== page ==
23 November 2018
An introduction to embedded antenna placement
27 July 2018
Antenna selection makes or breaks small GNSS tracking devices. Even a minor lapse in functionality can be problematic for a tracking device, which needs to be able to reliably and consistently report on its precise location. Choosing the right antenna is the only way to ensure this smooth operation.
Today there are all sorts of antennas available, made of different materials and coming in different sizes, which each offer different advantages depending on the nature of the device they are a part of. In this guide we will look at the six crucial factors to keep in mind when selecting an antenna, to ensure you make the best possible decision for your purposes.
Perhaps it seems obvious, but your antenna needs to operate in an appropriate frequency range for GNSS signals. Different countries operate different satellite systems, such as the United States’ Global Position System (GPS), China’s BeiDou Navigation Satellite System (BDS), and the EU’s Galileo. Each satellite system operates at different frequencies and across different bands. Make sure you know which satellite system your GNSS tracking device will make be using, and the associated frequency bands.
Antennas come in different sizes, with a different footprint on a circuit board. With a GNSS tracking device, you often want your antenna to be as small as possible. Antenova’s Intelligent Antenna Selector shows you how much space your GNSS antenna will take up, allowing you to easily see how it will relate to the final design of the device.
While the phrase ‘antennas’ may bring to mind the silver metal rods that were once attached to TVs and radios, the range of materials available to engineers today is extensive. Ceramic, flexible, and various composite antennas are all viable options for GNSS trackers today.
Depending on the other components in your tracking device, different materials will make for more efficient or less efficient transmissions. The environments your device will be functioning in should also influence choice of the material your antenna is made of. For example, if your GNSS tracking device needs to be wearable, perhaps a flexible antenna capable of moving with the wearer would be your best option. Alternatively, If size is most important, perhaps a miniature antenna would be most suitable. For rugged devices incorporating metal surfaces, there is even an antenna which can be mounted directly onto the metal without de-tuning.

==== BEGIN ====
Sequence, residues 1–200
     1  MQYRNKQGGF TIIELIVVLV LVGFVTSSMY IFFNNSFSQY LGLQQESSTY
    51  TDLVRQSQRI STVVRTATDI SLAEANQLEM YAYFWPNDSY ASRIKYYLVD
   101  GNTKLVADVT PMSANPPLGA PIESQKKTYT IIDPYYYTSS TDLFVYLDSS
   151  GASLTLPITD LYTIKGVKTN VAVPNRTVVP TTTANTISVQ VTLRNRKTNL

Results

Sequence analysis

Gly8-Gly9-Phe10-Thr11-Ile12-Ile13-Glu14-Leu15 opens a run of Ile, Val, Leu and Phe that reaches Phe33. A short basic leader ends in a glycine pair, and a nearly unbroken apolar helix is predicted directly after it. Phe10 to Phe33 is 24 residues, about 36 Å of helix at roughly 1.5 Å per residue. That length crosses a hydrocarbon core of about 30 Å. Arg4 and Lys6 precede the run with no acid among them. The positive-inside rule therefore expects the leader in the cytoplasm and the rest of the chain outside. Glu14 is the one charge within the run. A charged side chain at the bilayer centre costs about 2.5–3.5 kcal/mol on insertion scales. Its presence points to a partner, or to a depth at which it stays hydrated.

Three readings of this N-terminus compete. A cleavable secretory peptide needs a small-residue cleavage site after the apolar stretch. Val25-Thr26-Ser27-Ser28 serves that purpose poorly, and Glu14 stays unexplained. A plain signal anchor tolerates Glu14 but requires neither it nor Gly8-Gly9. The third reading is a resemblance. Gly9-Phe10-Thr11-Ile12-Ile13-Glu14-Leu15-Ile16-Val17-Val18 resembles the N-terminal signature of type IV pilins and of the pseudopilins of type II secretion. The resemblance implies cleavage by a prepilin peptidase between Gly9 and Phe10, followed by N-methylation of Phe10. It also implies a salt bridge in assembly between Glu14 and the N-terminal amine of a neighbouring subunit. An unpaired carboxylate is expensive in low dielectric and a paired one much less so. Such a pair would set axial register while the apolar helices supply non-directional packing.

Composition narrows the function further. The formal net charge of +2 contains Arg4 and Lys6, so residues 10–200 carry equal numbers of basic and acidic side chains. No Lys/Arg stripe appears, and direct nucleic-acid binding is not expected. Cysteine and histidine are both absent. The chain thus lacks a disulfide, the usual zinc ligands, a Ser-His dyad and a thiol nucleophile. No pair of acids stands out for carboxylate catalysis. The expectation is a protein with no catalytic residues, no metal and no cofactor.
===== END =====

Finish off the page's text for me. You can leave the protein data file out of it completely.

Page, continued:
Ground planes are an essential part of all antennas, but pose a conundrum for portable GNSS tracking devices. In short, ground planes are crucial if an antenna is going to reliably send and receive transmissions, but they require space, and space is precious on tracking devices.
Make sure you know how much space your antenna requires for an effective ground plane, and that you can incorporate that space into your designs. Some antennas are able to utilise others components as part of their ground plane, others will require clear space on a circuit board. To ensure your ultimate design isn’t compromised, consult with wireless engineers as soon as possible to see how best to ensure your choose an antenna with a ground plane that works for your tracking device.
Tracking devices are likely to be exposed to a range of environments, depending on where their wearer moves. This makes interference likely: glass, metallic objects, tall buildings, nearby wireless devices, and even the other components in a device itself can all potentially disrupt the signals from an antenna.
When selecting an antenna for a tracking device, it is useful to know whether your design suits an antenna that can isolate interference, or whether you will have to find other ways of minimising disruption to its signal. Ceramic antennas may be able to isolate interference, but their ground plane requirements may not suit your tracking device. Talk to an expert to make sure you select an antenna that works with your device to avoid potential interference.
Careful positioning of your antenna is one of the key ways to avoid potential interference. Engineers should carefully follow the design advice in the product datasheets but Antenova can also analyse your circuit board layout to address the impact of your components’ materials and positioning.
Portable tracking devices need to be able to send and receive signal whatever their orientation: whether they are horizontal, vertical, or resting diagonally, they need to be able to say where they are. As a result, it is essential that you choose an omnidirectional as opposed to dipole antenna. This will in turn impact upon component selection and positioning, as your antenna needs to send and receive signal from all around with no disruption from nearby parts. Be sure to choose an antenna that will function with whatever other components make up your tracking device.
Choosing the right antenna is essential if your GNSS tracking device is going to work. The need for a tracking device to be easily portable, compact, functional, and robust put particular constraints on your choice of antenna. The variety of antennas now available makes it possible to find a wireless solution whatever your parameters. Get in touch with Antenova to ensure you have the expertise to guide you towards the right decision for your device: in the meantime take a look at the Intelligent Antenna Selector App.